Understanding Aging: A 50-year longitudinal study of Speeches

June 28, 2012 in NCVS Research Papers, News

The study, published in the Journal of the American Geriatrics Society, examines 36 recordings of the former leader of the Church of Jesus Christ of Latter-day Saints, Gordon B. Hinckley, spanning the years 1958 to 2007. These recordings provide a rare opportunity to track a single individual’s age-related voice and speech mechanism changes. Speeches used from Hinckley, spanning the ages of 48 to 98 years old, were all given at Brigham Young University. Several types of analyses were employed: speech fundamental frequency to reveal the current health of the laryngeal physiology, rate of speech, as well as length of speech breath groups to indicate efficiency of laryngeal valving and/or lung vital capacity.

Two key items were discovered.  First, aging effects became noticeable between the ages of 68–74, indicating a fundamental change in the body’s maintenance of the speech mechanism. Second, rate of speech (words per minute) began to decrease precipitately at 78 years old, while length of speech breathing reduced at 70 years old.

The results of this case study can be used as a baseline for future studies. The aging of the voice and speech mechanism affects breathing, swallowing, and communication. Thus, indication of speech aging would also imply aging of the breathing and swallowing mechanism and potential health risks. Those of the world’s population over fifty are the fastest growing segment, affecting society by its sheer number as well as by historically high life spans. Healthcare practitioners must understand and accommodate the needs of this population.

A printable version of this summary can be found here.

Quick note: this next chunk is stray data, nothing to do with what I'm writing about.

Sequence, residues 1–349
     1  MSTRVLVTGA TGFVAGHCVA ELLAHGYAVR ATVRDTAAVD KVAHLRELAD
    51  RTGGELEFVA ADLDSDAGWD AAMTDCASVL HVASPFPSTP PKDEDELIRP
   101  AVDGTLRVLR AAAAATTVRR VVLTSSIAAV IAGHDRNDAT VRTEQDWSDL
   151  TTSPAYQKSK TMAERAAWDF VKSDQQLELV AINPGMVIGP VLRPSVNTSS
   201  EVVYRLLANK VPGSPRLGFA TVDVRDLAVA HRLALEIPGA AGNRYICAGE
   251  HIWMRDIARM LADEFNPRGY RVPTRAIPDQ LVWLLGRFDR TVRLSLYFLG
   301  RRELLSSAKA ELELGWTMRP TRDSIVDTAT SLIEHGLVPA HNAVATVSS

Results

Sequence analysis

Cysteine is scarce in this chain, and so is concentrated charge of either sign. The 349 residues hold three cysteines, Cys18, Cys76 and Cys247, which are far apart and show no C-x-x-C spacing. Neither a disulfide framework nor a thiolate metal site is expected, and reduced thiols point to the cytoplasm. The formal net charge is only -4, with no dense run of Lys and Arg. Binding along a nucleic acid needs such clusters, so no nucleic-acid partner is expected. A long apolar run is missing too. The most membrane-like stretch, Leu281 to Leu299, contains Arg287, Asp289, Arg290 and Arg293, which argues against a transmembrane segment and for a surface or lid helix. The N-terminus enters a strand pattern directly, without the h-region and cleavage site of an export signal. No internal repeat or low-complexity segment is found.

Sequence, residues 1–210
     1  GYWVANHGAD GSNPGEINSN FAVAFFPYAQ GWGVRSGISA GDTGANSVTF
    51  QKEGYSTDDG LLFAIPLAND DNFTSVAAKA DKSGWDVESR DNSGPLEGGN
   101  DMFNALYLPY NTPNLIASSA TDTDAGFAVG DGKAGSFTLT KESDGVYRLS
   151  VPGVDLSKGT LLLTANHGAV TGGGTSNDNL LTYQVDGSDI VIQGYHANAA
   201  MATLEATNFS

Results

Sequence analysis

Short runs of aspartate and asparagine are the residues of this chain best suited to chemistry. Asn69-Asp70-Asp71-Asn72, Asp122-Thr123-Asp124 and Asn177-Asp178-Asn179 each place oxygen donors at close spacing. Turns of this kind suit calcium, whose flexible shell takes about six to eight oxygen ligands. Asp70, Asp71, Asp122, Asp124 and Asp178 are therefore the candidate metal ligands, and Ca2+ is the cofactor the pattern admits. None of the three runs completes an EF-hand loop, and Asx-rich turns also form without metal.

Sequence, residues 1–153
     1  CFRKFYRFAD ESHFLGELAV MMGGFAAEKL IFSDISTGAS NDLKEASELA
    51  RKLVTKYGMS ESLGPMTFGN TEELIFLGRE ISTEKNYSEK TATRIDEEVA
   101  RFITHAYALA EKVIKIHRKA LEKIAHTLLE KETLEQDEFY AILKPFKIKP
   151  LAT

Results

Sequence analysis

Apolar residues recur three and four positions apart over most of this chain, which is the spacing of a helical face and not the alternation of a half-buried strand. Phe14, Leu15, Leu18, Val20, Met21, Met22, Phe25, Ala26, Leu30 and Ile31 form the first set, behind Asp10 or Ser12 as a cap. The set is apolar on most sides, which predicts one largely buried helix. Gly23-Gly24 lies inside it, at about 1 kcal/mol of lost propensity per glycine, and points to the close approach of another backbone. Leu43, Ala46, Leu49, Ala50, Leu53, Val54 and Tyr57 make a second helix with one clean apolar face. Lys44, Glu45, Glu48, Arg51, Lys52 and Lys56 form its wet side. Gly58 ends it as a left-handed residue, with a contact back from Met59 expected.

For additional information, see the full article written by
Eric J. Hunter, PhD, Mara Kapsner-Smith, M.S., Patrick Pead, Megan Zito Engar, B.S., & Wesley R. Brown, M.D in
Journal of American Geriatrics Society “Age and speech production: A longitudinal study of 50 years” Vol 60, Issue 6, start page 1175
http://www.ncbi.nlm.nih.gov/pubmed/22690991

Summery written by Eric Hunter and Elizabeth Nelson
Contributions from Eric Hunter and Elizabeth Nelson

UPDATE (Published Jun 28 2012 04:50 pm):
The Salt Lake Tribune ran with a piece about this study: here
How it looked in the online version (.pdf) and on the front page (.pdf).

UPDATE (Published Jun 29 2012 04:50 pm):
LDS Living also mentioned the Salt Lake Tribune piece: here

UPDATE (Published Aug 4 2012 5:00 a.m.):
The Deseret News also interviewed Dr. Hunter and wrote up a longer piece : here.
How it looked in the online ‘print’ version (.pdf) and the front page (.pdf) is presented.

UPDATE (Published Aug 9 2012 10:58 a.m.):
KUTV, the CBS affiliate in Salt Lake City picked up the story on the local evening news: here.
How it looked in the online ‘print’ version (.pdf).
The broadcast can be seen on YouTube.

UPDATE (Published Sept 28, 2012, 6:35 am):
New York Times: here.

UPDATE (Published November 29th, 2012 @ 8:58am):
KSL TV: here.

 

 

 

 

 

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